$3 Million Breakthrough Prize Goes to Scientists Who Proved Gravitational Waves

The revered physicists behind the LIGO project are being recognized for their groundbreaking discovery of gravitational waves.

Kevin Winter/Getty

One hundred years ago, Albert Einstein predicted the existence of gravitational waves. This year, his scientific descendants — including eminent physicists Kip Thorne, Ronald W.P. Drawer, and Rainer Weiss — proved his theory was correct, and today, the Breakthrough Foundation announced they will get a $3 million prize.

The Special Breakthrough Prize committee, which has the power to award extraordinary scientific achievements at any time, announced today that Thorne, Drawer, and Weiss — founders of the LIGO, or Laser Interferometer Gravitational-Wave Observatory — would share $1 million of the prize, while the other $2 million would be shared among 1,012 other scientists and engineers that contributed to the paradigm-changing study on gravitational waves, which went public in February of this year.

Michael Koppitz (Max Planck Institute for Gravitational Physics (Albert Einstein Institute)/Zuse Institute Berlin)

Thorne (ranked seventh in Inverse’s Astronomer Power Rankings) and Drever, both physics emeriti at the California Institute of Technology, together with Weiss, a professor of physics emeritus at M.I.T., had devoted their careers to detecting the seemingly immeasurable vibrations predicted by Einstein. In the late 1970s, Drever and Thorne founded the gravitational wave program at Caltech while Weiss did the same at M.I.T..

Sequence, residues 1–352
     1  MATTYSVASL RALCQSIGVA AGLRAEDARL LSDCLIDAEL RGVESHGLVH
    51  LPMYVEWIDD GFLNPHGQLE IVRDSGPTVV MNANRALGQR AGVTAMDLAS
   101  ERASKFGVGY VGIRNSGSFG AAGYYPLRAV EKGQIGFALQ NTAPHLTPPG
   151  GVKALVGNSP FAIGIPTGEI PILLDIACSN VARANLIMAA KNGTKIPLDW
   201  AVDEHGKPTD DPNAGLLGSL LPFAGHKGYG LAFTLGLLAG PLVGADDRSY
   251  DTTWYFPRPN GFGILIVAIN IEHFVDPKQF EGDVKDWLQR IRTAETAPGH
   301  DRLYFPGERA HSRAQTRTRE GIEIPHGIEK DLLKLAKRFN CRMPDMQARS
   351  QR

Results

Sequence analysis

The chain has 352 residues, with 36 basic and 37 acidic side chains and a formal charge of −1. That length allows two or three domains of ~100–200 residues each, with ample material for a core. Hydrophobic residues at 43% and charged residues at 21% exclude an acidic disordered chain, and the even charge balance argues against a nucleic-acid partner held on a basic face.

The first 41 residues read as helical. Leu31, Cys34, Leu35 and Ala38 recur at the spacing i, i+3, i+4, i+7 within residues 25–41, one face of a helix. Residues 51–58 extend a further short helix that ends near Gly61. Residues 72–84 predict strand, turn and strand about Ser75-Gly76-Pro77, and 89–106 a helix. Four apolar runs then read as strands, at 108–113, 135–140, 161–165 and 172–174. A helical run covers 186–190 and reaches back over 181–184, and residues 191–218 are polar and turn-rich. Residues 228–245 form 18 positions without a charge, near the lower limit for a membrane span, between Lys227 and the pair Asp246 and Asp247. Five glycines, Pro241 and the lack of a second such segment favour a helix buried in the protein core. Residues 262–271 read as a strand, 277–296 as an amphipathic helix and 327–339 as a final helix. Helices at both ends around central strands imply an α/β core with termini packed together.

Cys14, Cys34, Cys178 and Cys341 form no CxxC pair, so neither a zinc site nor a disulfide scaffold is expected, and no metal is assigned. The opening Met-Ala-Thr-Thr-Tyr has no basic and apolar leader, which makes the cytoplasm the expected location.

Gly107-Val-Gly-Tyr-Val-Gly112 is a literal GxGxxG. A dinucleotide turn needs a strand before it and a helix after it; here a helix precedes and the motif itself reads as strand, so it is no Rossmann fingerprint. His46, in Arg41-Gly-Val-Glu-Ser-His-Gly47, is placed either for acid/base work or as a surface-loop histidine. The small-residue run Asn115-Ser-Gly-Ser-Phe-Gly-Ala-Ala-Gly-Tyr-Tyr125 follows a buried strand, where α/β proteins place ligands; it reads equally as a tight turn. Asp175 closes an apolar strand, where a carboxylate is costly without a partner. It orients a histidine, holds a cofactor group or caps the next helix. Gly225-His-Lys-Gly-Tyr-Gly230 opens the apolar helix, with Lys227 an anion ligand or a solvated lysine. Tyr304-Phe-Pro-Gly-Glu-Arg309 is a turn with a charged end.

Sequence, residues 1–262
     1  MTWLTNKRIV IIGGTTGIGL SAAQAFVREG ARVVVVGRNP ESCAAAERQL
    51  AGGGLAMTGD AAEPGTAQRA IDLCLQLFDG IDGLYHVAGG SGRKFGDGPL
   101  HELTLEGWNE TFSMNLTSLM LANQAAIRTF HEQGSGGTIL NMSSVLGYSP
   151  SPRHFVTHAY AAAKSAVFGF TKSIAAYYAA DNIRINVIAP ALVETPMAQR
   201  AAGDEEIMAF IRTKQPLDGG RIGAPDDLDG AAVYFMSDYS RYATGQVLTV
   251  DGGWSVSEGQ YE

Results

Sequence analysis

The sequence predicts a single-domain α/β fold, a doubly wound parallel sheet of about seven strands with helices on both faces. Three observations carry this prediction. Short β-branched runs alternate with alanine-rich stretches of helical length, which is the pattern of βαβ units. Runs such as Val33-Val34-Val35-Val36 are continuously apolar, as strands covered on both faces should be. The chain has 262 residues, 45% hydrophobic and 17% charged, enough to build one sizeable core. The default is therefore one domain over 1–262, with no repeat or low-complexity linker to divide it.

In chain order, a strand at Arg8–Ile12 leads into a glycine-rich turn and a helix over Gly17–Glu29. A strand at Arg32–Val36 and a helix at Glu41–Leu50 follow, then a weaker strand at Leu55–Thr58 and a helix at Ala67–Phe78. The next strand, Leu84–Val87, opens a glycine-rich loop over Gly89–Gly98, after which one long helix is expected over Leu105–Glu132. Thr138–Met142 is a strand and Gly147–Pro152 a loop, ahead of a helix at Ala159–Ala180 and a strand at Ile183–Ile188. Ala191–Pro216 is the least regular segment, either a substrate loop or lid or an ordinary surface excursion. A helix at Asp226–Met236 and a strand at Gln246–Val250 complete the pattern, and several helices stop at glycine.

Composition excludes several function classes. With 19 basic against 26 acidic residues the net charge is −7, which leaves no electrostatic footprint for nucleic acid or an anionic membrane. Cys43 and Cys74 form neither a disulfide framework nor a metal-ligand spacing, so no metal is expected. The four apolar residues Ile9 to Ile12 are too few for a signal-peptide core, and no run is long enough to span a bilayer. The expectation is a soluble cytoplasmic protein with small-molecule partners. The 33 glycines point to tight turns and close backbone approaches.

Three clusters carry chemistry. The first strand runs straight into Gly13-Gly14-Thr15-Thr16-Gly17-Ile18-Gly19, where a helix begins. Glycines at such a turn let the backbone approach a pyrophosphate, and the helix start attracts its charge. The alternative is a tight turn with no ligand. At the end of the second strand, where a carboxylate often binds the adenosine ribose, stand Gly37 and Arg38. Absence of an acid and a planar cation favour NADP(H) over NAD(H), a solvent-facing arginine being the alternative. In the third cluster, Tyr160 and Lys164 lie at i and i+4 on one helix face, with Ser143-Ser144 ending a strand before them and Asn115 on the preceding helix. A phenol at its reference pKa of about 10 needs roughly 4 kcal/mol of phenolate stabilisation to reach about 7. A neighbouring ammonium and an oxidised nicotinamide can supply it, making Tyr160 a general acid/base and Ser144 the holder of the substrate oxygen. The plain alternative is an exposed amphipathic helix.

Later, when they founded the LIGO project in 1992, their research became the foundation of the design and construction of two four-kilometer-long instruments called interferometers, which were essential to the detection of the long-sought-after gravitational waves.

Shooting lasers back and forth using mirrors, an interferometer can detect signals that are a mere thousandth the diameter of a proton. In September, the interferometers detected the waves expelled after two black holes collided and merged nearly 1.3 billion light years away.

The laureates, together with the co-authors of the paper, will be recognized at the 2017 Breakthrough Prize ceremony this fall. They join Stephen Hawking, now on the Breakthrough Prize selection committee, as well as the seven leaders of the Large Hadron Collider teams that discovered the Higgs Boson, as recipients of the immense cash prize.

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